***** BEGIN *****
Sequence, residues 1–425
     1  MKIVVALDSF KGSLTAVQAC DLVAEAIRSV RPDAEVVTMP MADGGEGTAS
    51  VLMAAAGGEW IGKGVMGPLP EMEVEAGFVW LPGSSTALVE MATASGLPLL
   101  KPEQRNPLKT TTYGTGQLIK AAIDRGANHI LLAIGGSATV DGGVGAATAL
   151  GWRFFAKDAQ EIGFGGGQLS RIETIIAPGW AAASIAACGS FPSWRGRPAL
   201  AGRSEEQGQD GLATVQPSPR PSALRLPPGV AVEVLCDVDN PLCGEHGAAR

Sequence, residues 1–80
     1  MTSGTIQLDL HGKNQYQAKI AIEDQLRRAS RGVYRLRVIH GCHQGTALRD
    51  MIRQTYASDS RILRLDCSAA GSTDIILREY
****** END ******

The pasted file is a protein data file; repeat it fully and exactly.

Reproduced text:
Sequence, residues 1–425
     1  MKIVVALDSF KGSLTAVQAC DLVAEAIRSV RPDAEVVTMP MADGGEGTAS
    51  VLMAAAGGEW IGKGVMGPLP EMEVEAGFVW LPGSSTALVE MATASGLPLL
   101  KPEQRNPLKT TTYGTGQLIK AAIDRGANHI LLAIGGSATV DGGVGAATAL
   151  GWRFFAKDAQ EIGFGGGQLS RIETIIAPGW AAASIAACGS FPSWRGRPAL
   201  AGRSEEQGQD GLATVQPSPR PSALRLPPGV AVEVLCDVDN PLCGEHGAAR

Sequence, residues 1–80
     1  MTSGTIQLDL HGKNQYQAKI AIEDQLRRAS RGVYRLRVIH GCHQGTALRD
    51  MIRQTYASDS RILRLDCSAA GSTDIILREY